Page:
Jim Washburn, "On the Bus Again: Sharing a joint with Willie Nelson"

Jan. 3, 1997 Now you can start feeling old. David Bowie, the Thin White Duke hisself, turns 50 on Jan. 8. 50! We bet even Mick Jagger won't want to kiss him now.

Jim Washburn, "Hey!"

Feb. 28, 1997 [T]he online pornmeisters are, in a way, the Larry Flynts of Disney's hothouse society—striking at our cultural myths by pointing out the needs they don't meet. Like Flynt's habit of pasting politicians and other celebrities' heads on porn stars' bodies, seeing Jasmine's tits forces us to re-evaluate the beliefs and calculated emotional reactions that have been drummed into us since birth.

Wyn Hilty, "Cartoon Buff: Wanna see Pocahontas nekked?"

March 14, 1997 [A]ttempting to regain some credibility after months of doing Dornan's bidding, the boycotted Times carried a March 7 report accusing B-1 Bob of hassling nuns and Marines to sustain his fraud fantasies. I'm telling you, folks: give this guy a death squad, and it'll be El Salvador all over again.

Matt Coker, A Clockwork Orange.

March 28, 1997 Around 7:05 p.m. on Wednesday, the 1997 season begins for the baseball franchise known as the Angels. The team will have a new name (the Anaheim Angels), a new logo (wings affixed to two baseball bats), a new-look stadium (a $100 million face-lift), and what its relatively new owner (the Walt Disney Co.) and its new manager (Terry Collins) promise will be a new attitude. And if Disney's marketing magic is true to form, the team should also have a host of new fans ready to cheer on the new Angels.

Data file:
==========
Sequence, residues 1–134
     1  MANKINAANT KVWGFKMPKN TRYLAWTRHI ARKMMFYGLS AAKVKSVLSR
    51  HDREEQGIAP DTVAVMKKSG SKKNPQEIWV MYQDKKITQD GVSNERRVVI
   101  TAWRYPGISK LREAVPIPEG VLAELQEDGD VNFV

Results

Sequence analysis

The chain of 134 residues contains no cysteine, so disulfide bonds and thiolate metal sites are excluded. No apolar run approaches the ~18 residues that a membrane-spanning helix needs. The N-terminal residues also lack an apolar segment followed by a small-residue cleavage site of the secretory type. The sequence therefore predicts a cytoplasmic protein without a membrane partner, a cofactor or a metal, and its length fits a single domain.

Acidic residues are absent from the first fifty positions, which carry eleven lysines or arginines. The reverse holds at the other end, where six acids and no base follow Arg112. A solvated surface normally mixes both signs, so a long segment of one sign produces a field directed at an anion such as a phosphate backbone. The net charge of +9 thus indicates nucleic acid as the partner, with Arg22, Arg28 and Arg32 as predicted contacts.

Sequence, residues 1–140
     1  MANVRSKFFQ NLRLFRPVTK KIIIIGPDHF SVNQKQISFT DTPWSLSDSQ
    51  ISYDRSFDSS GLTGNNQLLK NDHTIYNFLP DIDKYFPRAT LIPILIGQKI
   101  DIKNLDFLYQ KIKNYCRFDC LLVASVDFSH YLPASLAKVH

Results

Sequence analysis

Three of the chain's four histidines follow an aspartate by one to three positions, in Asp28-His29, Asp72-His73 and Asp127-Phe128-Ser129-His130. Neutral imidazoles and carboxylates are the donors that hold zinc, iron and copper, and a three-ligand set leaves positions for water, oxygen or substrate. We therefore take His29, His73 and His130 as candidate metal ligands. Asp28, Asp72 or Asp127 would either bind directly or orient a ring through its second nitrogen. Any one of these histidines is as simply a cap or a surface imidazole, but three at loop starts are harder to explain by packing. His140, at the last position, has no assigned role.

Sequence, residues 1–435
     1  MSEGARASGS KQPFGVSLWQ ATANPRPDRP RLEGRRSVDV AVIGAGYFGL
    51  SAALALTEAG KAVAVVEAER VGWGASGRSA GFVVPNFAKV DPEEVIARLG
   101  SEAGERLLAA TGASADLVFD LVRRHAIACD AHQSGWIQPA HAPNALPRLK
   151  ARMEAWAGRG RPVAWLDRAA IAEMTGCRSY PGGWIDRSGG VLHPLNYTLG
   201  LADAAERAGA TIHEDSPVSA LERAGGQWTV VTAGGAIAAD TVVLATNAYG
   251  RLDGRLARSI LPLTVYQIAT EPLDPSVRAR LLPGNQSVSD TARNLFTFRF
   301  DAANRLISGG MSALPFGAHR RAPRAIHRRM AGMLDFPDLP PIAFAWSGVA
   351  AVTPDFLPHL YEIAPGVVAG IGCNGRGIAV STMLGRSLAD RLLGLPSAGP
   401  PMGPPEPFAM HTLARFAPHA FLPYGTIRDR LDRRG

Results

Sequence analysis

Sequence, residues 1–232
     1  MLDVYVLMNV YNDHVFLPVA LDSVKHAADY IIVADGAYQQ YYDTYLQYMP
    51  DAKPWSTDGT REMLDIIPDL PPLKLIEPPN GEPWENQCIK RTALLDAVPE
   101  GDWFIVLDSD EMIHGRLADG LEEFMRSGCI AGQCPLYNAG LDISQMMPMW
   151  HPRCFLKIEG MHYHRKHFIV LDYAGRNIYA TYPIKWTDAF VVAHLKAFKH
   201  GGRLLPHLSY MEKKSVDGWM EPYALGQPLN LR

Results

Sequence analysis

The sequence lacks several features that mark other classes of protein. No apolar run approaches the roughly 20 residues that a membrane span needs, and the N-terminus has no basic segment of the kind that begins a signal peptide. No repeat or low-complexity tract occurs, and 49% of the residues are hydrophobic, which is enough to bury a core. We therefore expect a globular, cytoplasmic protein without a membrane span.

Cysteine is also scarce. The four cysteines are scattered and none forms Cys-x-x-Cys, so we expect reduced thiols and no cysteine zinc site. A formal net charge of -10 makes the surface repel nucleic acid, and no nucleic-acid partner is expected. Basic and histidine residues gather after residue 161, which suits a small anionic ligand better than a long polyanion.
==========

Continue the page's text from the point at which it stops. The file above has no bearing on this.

I won't be one of them. You can change the name, the uniform and the owner and try to change the image. But one thing that will never change is the Angels history; you can't take the Angels out of the Angels.

That's why I hate the Angels. I always have. I always will. I don't pity their incredibly fucked fortune during the past 36 years. I don't admire their pluck. I don't applaud their mettle. I do not choose to ignore them or even laugh at them. I hate them—every single thing about them.

Joel Beers, "Why I Hate the Angels: You can change the name, the uniform, the owner, the image—but you can't take the Angels out of the Angels"

March 28, 1997 I found a skink in my yard the other day, which seems to be as close as I'm going to get to interviewing Kink Ray Davies this time around. For the record, a skink is a reptile that looks like a big earthworm with rudimentary legs. Ray Davies is an Englishman.

Jim Washburn, "Dedicated Follower of Faction: Ray Davies is a genius; Dave Davies is Ray's brother"

April 4, 1997 In some of her Angry Thoreauean columns, she wrote about her live-in love slave, Manny Manimal. She'd boss him around in bed and make him wash her car. And then she fell in love with him—the real thing, with bells, whistles and handholding. And then on Sept. 3, 1996, he was murdered by a psychopath who'd been featured on America's Most Wanted, who was subsequently blown away in a shootout with La Habra police. Monique recounts the tale in last December's issue of Angry Thoreauean, and it's genuinely touching, even if the photos of the pair, instead of holding hands, show his erection and her spiked heel in proximate company.

Jim Washburn, "You've Been a Bad Boy! Men are different from women, Jim Washburn discovers, as he talks with women working in desire's trenches"